Don’t understand how the
Electoral College works?
No fear. Look here for
a simplified election process.
Here’s how it starts:
1.)An individual votes and her vote helps decide her state’s decision on who to give the state’s electoral votes to.
2.)Each state has a specific number of electoral votes that they can give to a candidate, this number equals the number of congressional districts that they have. All a state’s electoral votes will be given to a single candidate depending on the state’s majority.
*This means that a state with a higher population is important for a candidate to win because they will have more representation in congress, meaning more electoral votes.*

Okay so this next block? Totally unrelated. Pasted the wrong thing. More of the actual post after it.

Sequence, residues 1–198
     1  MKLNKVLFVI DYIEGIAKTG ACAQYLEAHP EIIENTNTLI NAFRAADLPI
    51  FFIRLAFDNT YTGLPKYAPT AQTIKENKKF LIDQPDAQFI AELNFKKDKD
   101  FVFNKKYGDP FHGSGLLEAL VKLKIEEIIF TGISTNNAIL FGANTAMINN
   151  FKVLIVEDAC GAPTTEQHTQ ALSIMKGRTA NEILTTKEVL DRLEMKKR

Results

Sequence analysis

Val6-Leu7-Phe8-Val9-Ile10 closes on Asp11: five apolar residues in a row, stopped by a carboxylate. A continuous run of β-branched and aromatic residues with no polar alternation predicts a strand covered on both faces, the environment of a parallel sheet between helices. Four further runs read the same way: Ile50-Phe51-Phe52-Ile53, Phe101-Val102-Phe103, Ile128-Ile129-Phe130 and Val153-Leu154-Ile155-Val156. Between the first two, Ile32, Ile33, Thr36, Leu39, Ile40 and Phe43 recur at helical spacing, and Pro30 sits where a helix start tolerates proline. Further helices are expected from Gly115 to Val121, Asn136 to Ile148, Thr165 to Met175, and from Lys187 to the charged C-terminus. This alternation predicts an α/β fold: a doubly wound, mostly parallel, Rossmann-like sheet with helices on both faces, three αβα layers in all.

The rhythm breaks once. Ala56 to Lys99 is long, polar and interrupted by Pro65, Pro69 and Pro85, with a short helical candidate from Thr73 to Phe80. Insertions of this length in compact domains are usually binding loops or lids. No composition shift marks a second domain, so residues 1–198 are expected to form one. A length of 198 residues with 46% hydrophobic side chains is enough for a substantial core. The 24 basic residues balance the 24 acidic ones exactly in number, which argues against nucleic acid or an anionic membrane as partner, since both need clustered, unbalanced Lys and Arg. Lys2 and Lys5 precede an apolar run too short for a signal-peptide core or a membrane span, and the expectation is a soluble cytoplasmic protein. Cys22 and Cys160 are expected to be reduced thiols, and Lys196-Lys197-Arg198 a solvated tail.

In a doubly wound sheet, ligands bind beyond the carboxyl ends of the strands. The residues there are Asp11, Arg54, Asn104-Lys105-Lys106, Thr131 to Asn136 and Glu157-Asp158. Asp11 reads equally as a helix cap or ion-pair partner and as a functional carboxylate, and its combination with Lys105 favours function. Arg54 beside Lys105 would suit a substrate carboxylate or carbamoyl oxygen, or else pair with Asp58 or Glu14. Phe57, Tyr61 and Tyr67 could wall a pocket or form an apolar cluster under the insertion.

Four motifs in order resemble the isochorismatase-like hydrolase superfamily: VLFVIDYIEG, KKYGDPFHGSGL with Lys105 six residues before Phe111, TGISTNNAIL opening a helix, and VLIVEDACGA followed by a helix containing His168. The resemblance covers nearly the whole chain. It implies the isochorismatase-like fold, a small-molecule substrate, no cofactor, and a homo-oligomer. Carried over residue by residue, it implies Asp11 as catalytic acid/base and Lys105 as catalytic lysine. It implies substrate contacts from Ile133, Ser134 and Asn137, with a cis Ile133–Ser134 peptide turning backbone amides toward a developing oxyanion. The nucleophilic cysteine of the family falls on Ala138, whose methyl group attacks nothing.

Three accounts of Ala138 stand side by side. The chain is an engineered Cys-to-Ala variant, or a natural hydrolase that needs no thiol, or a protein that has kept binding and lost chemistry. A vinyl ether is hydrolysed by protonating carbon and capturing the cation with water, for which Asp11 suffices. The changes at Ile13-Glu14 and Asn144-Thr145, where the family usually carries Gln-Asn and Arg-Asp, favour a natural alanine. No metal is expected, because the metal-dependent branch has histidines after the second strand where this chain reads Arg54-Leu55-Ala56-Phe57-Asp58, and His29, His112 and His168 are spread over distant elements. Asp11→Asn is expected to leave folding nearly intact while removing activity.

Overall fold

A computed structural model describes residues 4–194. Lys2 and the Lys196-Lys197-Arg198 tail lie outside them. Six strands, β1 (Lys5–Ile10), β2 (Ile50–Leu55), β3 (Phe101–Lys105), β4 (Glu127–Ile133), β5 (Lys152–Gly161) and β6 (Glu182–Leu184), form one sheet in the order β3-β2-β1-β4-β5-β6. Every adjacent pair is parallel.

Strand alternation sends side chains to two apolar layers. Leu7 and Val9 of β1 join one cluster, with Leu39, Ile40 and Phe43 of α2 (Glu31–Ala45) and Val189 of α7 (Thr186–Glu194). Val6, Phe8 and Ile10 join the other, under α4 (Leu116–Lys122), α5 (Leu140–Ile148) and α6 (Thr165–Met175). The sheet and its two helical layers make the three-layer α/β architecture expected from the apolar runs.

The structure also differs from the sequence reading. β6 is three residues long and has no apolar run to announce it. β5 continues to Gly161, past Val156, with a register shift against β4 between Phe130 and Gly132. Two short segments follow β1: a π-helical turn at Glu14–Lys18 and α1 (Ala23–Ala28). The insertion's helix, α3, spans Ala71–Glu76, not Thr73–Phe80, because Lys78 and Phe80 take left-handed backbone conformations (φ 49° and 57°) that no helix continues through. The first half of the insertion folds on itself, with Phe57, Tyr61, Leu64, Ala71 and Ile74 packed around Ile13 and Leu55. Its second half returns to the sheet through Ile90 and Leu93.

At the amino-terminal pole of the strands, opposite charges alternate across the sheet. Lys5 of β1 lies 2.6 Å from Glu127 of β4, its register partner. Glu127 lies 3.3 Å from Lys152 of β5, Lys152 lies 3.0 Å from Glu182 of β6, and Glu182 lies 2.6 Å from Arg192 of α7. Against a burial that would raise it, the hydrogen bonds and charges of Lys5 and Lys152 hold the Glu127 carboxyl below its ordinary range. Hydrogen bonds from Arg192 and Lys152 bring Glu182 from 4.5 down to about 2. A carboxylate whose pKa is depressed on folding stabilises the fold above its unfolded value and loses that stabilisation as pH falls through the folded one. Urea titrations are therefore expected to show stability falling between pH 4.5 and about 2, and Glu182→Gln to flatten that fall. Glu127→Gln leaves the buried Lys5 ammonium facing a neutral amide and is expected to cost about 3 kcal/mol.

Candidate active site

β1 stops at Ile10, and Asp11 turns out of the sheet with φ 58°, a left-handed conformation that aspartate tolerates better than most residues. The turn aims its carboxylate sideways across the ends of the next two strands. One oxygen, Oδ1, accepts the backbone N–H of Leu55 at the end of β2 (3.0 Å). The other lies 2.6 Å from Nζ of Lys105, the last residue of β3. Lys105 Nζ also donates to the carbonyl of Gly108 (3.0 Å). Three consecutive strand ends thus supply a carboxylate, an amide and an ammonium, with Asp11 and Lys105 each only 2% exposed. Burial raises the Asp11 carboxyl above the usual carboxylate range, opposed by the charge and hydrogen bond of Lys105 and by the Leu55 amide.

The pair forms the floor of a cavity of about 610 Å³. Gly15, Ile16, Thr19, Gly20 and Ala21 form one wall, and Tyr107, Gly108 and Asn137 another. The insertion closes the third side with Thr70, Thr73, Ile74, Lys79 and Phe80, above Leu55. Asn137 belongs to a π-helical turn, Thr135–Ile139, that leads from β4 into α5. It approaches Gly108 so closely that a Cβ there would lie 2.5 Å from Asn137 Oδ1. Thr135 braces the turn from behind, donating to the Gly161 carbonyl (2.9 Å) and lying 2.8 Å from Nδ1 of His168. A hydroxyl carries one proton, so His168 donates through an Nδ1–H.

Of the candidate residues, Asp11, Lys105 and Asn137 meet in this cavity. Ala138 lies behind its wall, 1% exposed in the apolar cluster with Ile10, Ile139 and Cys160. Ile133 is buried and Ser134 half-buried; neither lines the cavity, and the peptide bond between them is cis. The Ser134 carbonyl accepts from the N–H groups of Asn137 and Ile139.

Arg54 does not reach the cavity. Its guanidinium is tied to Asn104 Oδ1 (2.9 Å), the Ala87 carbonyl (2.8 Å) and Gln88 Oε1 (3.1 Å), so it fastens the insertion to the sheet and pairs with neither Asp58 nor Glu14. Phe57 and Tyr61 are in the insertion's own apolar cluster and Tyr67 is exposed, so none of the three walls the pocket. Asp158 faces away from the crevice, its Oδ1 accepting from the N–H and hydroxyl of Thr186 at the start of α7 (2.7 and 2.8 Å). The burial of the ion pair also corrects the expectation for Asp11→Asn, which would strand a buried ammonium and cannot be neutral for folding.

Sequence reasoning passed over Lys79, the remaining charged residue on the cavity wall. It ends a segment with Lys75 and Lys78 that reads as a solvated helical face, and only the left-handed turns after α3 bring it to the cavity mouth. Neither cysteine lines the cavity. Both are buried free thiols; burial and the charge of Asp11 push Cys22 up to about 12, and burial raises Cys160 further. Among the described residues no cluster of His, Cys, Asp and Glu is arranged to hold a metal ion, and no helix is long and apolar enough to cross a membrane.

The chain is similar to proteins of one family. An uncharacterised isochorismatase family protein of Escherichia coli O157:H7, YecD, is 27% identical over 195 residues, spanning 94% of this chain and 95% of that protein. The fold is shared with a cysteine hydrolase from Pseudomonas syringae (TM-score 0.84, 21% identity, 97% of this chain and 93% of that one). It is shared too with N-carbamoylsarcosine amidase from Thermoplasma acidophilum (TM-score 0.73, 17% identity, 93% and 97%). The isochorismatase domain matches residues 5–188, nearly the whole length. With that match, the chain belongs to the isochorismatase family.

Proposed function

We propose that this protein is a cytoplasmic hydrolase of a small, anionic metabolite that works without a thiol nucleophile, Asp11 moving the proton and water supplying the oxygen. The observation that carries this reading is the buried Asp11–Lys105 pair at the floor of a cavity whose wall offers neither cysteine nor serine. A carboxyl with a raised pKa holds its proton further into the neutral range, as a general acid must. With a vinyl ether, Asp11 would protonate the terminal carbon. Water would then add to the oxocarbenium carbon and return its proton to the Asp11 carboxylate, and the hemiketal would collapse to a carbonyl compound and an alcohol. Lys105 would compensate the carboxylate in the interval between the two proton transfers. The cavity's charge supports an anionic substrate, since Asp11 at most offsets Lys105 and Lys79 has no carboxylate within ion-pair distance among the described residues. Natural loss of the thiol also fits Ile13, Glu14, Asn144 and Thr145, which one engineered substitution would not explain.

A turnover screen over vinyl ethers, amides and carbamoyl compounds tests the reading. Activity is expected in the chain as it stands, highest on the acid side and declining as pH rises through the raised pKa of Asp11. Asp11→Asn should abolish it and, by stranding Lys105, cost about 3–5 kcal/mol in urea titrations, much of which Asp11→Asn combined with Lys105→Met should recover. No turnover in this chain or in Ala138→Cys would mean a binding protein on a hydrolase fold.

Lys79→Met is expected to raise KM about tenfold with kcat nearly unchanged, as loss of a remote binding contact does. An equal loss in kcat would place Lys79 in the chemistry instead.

**Though Maine and Nebraska have proportional representation meaning that the state’s electoral votes will be divided depending on the congressional districts individual decision.**
3.) Now the candidate who wins enough states to earn 270 electoral votes (half of the possible 538 electoral votes) will become president elect.
What’s the difference between the popular and the electoral votes?
A citizen’s vote will influence their congressional district’s decision on who to give their vote to. When a state’s electors (people elected into a position to vote in favor of their congressional district’s decision) come together to cast their state’s votes to this is the decision on who to give the state’s electoral votes to. The electoral votes are the votes that actually decide who the president will be.
Collectively every citizen’s vote will come together to create the popular vote, or the number of people who actually voted for the candidate.
March 2013** Correction: Page 12 should say "Class of 2014 Presents..."**